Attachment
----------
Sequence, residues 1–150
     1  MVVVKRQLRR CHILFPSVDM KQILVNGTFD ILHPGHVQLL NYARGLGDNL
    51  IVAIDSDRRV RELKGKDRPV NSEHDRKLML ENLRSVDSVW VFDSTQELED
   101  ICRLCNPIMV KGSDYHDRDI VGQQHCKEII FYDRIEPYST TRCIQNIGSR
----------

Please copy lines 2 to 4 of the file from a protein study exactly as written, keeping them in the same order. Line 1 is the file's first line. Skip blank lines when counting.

     1  MVVVKRQLRR CHILFPSVDM KQILVNGTFD ILHPGHVQLL NYARGLGDNL
    51  IVAIDSDRRV RELKGKDRPV NSEHDRKLML ENLRSVDSVW VFDSTQELED
   101  ICRLCNPIMV KGSDYHDRDI VGQQHCKEII FYDRIEPYST TRCIQNIGSR